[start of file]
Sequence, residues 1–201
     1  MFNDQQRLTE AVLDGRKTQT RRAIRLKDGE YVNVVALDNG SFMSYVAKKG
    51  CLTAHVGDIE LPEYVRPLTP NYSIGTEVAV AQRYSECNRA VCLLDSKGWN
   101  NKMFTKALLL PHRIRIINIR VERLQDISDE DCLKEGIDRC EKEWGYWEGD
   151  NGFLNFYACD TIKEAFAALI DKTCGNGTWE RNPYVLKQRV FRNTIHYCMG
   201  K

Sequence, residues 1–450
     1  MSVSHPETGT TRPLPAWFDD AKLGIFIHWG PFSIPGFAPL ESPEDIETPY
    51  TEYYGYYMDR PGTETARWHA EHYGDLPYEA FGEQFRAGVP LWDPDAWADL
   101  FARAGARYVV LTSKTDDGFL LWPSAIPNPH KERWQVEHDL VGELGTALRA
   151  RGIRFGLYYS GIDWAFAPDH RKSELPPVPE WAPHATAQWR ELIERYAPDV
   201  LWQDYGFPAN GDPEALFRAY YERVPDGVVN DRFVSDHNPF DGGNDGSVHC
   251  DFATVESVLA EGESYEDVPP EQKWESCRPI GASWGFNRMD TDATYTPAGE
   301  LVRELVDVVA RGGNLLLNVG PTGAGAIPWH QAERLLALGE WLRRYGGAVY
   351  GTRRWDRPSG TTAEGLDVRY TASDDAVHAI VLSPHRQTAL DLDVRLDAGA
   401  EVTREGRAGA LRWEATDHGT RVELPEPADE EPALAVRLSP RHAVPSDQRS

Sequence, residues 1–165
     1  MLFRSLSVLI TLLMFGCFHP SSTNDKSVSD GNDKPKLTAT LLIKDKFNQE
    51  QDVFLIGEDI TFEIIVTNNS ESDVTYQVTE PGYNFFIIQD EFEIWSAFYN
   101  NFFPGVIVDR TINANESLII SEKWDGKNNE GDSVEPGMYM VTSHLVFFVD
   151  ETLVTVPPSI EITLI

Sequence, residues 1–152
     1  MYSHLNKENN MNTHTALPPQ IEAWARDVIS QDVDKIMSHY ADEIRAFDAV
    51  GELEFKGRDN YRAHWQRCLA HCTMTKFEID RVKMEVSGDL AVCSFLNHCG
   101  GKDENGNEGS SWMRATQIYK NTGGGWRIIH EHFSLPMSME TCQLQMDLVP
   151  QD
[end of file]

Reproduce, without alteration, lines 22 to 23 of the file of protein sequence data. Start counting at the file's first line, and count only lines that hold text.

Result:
Sequence, residues 1–152
     1  MYSHLNKENN MNTHTALPPQ IEAWARDVIS QDVDKIMSHY ADEIRAFDAV